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Group wants to build island city on Utah Lake to combat pollution

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Artist rendering of proposed island city in Utah Lake. (Courtesy: Arches Utah Lake Restoration) Artist rendering of proposed island city in Utah Lake. (Courtesy: Arches Utah Lake Restoration)

PROVO - A group hoping to tackle pollution at Utah Lake envisions building an island city there that could house up to 500,000 people.

Todd Parker, project director with Arches Utah Lake, says the idea isn't far-fetched.

The proposed islands would mirror Utah's iconic Delicate Arch in Arches National Park to offer a place for floating ice to pile up without damaging the shore and surrounding area, Parker said.

The plan could also help guard against potentially toxic algal blooms and E. coli that have plagued the lake in recent years, he said, and remove invasive grasses and nonnative carp.

The group would first seek to rehabilitate the water that has had a difficult history before building 10 to 15 years later, Parker said.

His proposal comes almost a year after lawmakers approved a symbolic resolution, HCR26, to encourage aggressive treatment for Utah's largest freshwater lake.

When the Provo River was diverted to water orchards in Orem decades ago, thousands of June sucker fish there died, he said. Nonnative European carp were brought in, but they uprooted plants on the lake floor. High levels of phosphorous and nitrogen have made it difficult to restore the lake to balance.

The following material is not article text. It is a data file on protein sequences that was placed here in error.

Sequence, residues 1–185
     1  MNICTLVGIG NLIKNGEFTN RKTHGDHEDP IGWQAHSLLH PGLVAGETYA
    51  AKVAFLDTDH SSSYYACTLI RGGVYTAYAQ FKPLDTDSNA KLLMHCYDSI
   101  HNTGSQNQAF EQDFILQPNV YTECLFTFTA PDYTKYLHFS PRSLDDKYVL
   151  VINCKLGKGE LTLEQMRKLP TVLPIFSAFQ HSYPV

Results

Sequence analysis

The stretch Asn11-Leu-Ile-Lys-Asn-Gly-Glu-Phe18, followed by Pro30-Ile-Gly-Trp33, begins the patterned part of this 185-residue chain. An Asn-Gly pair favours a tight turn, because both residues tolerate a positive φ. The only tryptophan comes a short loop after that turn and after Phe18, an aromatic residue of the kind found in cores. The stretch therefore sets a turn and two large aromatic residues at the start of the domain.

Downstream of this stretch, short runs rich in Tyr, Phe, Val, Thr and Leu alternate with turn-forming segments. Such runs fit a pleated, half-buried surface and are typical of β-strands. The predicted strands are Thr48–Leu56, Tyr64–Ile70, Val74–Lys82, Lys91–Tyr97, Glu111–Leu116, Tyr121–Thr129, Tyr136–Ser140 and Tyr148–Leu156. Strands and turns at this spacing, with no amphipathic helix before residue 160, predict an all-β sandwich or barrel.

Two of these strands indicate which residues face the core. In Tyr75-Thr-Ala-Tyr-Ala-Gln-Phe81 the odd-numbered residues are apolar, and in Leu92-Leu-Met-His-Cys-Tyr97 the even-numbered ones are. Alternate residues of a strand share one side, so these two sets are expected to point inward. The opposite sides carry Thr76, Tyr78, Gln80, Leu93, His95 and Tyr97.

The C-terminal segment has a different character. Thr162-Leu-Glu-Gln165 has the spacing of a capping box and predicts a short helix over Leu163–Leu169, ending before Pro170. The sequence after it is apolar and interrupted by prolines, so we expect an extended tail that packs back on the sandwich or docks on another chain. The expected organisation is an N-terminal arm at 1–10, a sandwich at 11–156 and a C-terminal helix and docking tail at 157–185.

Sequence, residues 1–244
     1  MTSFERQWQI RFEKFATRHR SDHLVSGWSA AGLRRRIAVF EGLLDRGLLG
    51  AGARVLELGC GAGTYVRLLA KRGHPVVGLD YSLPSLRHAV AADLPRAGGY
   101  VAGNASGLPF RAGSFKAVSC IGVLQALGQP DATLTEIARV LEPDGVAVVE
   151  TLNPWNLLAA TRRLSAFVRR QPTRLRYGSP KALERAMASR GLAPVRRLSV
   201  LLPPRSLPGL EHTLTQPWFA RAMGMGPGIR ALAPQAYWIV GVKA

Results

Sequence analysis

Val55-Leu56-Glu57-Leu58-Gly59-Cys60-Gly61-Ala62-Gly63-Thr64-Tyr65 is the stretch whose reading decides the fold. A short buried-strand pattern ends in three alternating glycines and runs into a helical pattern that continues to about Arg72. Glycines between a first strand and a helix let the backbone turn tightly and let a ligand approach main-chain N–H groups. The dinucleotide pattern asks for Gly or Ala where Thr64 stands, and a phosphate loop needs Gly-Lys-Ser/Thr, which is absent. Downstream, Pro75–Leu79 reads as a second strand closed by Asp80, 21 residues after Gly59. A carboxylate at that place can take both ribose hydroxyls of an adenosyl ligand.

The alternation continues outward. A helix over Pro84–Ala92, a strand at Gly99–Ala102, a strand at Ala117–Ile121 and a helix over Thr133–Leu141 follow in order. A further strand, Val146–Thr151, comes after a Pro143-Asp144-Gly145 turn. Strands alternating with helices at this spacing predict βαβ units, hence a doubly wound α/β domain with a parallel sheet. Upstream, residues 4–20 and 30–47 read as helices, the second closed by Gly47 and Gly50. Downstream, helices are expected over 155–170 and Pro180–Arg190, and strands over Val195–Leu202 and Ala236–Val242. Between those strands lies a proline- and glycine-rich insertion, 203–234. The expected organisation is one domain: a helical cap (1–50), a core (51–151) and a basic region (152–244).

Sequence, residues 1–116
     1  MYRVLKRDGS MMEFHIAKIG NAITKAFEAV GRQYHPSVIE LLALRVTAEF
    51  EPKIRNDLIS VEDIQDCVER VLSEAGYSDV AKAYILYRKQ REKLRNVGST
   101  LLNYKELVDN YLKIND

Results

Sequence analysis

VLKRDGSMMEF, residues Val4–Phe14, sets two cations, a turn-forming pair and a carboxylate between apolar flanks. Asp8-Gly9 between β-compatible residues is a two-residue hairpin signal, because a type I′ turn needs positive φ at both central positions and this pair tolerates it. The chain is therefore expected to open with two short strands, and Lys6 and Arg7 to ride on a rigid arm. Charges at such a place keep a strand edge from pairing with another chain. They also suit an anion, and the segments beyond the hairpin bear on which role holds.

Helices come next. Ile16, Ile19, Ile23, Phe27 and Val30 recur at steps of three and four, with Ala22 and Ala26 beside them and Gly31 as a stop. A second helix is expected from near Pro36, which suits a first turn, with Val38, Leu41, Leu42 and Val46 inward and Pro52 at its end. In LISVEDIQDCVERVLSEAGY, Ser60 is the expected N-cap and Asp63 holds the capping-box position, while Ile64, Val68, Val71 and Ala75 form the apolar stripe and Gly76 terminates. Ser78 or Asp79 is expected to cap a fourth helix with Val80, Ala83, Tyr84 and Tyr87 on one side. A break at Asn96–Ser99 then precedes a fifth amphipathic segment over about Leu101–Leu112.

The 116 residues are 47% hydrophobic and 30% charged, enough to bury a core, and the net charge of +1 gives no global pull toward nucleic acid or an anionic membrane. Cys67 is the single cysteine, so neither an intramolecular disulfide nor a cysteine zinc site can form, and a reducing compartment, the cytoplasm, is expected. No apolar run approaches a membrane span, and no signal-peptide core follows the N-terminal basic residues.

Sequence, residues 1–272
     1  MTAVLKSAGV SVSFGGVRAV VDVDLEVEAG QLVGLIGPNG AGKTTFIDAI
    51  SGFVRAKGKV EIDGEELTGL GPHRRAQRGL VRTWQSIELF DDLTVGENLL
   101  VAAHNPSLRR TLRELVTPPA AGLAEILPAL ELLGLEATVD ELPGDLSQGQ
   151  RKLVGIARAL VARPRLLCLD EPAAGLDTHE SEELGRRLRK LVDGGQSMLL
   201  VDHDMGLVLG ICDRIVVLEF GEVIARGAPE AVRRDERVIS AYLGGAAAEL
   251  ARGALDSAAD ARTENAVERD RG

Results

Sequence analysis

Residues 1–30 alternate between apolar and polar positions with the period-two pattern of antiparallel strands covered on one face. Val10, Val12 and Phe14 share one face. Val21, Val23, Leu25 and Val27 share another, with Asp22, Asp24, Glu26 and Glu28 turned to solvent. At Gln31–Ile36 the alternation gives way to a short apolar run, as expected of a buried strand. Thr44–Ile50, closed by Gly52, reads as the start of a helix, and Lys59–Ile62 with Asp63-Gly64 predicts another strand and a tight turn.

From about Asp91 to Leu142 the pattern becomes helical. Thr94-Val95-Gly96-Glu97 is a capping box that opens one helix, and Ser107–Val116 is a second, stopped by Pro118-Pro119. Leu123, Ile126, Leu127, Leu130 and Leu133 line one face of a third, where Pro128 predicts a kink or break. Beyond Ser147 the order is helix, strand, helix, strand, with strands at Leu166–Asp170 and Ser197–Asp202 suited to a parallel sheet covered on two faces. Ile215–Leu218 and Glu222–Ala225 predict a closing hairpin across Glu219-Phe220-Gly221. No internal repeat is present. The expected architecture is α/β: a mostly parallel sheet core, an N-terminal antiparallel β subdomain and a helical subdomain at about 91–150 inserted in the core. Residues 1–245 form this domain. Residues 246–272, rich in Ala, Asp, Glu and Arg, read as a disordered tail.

"You get these issues that happen year after year for 100 years, and the lake becomes impacted," Parker said.

Arches Utah Lake wants to dredge the lake and use its own sand to build the city, but would first need approval from Utah lawmakers. And Parker says he's confident the $6.4 billion price tag would be covered by private funding.

The project would include 76 miles of restored shoreline, plus 190 miles of new shoreline and nine marinas, he said.

For the early phases, Parker said he hopes schools, families and communities will have a hand in tackling pollution.

"I hope that there's excitement about participating in the restoration of the lake," he said. "That's what it's going to take."

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